My love of Christian spiritual values wants a clearer link to spiritual healing, Dr. Bloom does not discount spiritual values, and it is easy to see the correlations to spiritual principles through out the book. Bill W. of AA reports having a sudden spiritual awakening that changed his life and our response to alcoholism/addiction profoundly, but my experience appreciates that most people experience a slow unfolding of understanding their illness, how to live mentally healthy through an unfolding understanding of a higher power/God.. During that process of deconstructing and reconstructing a life, Sanctuary is necessary.

From my observation, most homeless people have slid into a lifestyle of alcoholism/addiction/mental illness from life trauma(s) that are seldom effectively addressed. The costs to society through the medical, judicial, Social Services agencies for this failure to address trauma is exorbitant. "Creating Sanctuary" can help us become more effective in solving overwhelming social ills at the same time of helping just one. Amazing
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on April 7, 1998
I enjoyed this book tremendously. This is the most understandable and clearly written text I have ever read relating to the psychology field. There is no "psycho babble" here, folks. Anybody with an eighth grade education should be able to understand what the author is trying to say.
The author obviously believes in treating patients with tremendous dignity and respect. While this program is mainly inpatient focused to benefit those of us who are unfortunate enough to need more than a little help in carrying our life's baggage, as it were, reading this book makes very clear to me the way in which many situations I faced as a child effect my adult life that I have never really completely understood. The author says, in the most compassionate and definitive way, IT IS NOT YOUR FAULT! The author should be commended for her fine work and that of her team of obviously exceptional and gifted health care providers. The author must be one of the "real doctors" in todays environment, and they are darned hard to find.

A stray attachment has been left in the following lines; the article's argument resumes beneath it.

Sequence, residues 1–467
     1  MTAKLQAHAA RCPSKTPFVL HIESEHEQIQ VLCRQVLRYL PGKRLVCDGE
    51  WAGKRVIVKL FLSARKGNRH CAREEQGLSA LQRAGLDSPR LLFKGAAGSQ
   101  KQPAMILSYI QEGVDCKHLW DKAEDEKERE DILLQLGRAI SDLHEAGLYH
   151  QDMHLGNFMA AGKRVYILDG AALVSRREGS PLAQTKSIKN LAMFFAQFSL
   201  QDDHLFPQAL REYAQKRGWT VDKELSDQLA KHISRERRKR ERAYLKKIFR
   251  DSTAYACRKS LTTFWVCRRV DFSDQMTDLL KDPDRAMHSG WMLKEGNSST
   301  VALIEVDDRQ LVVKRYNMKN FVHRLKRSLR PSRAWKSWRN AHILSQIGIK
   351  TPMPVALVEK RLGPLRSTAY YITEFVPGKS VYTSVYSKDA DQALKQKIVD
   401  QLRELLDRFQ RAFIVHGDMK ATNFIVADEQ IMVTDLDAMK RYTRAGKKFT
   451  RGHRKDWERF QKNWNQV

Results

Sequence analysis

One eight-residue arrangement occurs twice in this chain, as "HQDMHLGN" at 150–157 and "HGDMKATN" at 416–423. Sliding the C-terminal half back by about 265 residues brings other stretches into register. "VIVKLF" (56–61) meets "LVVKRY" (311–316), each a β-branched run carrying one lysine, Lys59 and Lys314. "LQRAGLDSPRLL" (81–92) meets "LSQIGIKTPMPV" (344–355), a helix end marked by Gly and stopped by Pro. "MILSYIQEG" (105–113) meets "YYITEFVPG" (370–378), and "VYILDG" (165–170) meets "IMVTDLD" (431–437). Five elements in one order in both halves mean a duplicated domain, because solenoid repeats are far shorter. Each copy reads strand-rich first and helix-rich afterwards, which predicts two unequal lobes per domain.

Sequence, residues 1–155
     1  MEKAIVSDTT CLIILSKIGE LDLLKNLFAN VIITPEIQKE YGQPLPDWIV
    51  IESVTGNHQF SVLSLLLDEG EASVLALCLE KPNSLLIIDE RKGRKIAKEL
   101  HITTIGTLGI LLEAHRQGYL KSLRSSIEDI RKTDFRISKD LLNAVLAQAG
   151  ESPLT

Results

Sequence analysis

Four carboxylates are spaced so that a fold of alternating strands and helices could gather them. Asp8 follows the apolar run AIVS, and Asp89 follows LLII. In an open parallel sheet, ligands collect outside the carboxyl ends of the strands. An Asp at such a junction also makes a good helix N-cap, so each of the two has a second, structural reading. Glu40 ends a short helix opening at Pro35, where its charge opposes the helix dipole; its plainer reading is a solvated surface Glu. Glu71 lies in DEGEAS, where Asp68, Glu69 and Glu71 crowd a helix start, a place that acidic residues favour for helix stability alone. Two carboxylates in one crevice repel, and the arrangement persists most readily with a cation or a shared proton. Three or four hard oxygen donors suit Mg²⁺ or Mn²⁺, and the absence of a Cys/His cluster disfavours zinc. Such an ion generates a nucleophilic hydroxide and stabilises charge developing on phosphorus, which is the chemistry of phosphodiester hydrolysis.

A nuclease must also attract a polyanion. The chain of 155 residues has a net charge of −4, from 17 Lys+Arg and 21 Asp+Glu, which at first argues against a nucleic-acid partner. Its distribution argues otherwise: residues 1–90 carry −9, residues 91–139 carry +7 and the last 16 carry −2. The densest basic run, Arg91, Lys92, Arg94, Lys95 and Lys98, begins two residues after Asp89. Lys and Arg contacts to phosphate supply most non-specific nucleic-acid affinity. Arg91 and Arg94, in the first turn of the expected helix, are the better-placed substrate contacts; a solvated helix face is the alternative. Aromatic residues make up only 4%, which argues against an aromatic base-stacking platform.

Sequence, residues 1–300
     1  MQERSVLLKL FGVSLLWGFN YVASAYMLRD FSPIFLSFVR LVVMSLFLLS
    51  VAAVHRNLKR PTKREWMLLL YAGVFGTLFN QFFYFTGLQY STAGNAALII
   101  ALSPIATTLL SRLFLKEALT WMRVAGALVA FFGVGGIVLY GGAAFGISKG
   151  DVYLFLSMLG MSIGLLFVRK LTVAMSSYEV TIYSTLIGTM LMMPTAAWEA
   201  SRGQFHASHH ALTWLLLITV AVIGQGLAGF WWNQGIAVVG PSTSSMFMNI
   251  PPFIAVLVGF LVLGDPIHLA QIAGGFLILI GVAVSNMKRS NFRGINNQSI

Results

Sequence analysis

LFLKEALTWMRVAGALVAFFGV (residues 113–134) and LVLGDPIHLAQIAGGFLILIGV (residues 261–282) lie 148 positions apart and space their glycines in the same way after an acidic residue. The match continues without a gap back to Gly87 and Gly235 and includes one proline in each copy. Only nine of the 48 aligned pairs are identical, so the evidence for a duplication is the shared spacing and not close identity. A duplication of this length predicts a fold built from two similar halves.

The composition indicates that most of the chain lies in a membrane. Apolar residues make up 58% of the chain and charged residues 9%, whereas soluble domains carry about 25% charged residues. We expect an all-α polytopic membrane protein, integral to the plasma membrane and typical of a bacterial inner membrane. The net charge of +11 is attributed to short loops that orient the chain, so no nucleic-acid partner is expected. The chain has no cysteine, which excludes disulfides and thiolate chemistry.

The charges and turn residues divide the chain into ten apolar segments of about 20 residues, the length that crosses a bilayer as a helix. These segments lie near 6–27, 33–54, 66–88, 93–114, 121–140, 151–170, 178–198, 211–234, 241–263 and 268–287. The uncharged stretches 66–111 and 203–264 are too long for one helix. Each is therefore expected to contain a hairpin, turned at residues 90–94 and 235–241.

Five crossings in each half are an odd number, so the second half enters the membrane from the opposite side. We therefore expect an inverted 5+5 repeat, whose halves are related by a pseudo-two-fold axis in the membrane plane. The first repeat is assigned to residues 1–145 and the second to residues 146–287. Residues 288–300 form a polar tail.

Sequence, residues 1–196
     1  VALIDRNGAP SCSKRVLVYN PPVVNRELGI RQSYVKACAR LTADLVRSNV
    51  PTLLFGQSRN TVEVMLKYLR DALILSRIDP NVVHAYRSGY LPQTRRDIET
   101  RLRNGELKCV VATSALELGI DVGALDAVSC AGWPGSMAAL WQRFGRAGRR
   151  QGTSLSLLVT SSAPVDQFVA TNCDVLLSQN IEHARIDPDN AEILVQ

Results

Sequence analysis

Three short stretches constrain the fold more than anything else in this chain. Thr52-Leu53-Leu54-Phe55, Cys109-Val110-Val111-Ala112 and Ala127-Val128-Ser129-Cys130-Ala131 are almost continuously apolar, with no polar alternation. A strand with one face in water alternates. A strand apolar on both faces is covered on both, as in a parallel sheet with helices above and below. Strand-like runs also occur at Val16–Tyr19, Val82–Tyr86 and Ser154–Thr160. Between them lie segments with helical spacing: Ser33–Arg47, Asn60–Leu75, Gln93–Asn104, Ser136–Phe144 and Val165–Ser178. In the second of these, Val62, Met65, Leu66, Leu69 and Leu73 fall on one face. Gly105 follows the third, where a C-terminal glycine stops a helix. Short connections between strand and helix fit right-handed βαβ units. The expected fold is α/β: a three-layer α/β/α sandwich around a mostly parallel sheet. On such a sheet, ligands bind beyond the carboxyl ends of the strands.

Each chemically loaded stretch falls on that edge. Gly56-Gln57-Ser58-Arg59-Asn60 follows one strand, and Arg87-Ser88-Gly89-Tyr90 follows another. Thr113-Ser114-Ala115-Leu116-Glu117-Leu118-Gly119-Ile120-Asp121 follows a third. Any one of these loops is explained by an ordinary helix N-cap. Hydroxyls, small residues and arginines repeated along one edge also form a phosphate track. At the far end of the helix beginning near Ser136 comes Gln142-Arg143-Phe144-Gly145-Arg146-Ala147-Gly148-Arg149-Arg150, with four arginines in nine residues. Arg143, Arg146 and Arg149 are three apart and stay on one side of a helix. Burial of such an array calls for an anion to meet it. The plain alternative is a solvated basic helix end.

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on April 6, 2016
Sandra Bloom's three books regarding appropriate environments for trauma survivors are must-reads for professionals and families who deal with trauma survivors. I hope this gets much wider attention--mental health care often humiliates and endangers when it should protect and heal.

Sandra Bloom emphasizes the need for safety in ALL THREE of her books--a subject which is sadly neglected by authors pushing quick solutions and promises of healing. Another book which describes the dangers of talk therapy and exposure for victims of severe trauma and recommends safe alternatives is Invisible Heroes: Survivors of Trauma and How They Heal by Belleruth Naparstek.
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on June 27, 2013
If you work in any human services field, buy this book, read it, absorb it, and do all in your power to implement its precepts. You will gain a better understanding of your clients, yourself, and the structures in which you work.
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on March 29, 2007
Goes way beyond blaming individuals for the horror of abuse, and holds the violent culture that abuse is embedded in accountable. Doesn't let individuals perpetrators off the hook, but is a window into the mechanism that produces them. Other people have addressed the topic of abuse and violence, but perhaps not as comprehensively as this book. Scary topic, but information and viewpoints needed to address this systemic illness.
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on June 24, 2013
We are implementing the Sanctuary model where I work. This book provides a background to help us understand the philosophies behind the sanctuary model. It can be very technical in some areas. Overall, the book is very good.
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on August 20, 2012
This book gives the background of trauma research and brain development that every human service professional needs. And it is very readable.
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on December 13, 2009
This book is special because it addresses clients who have been damaged by poor counseling and life traumas and counselors who have almost as much traumas as the clients. There are many counseling books out there but this book is wholesome.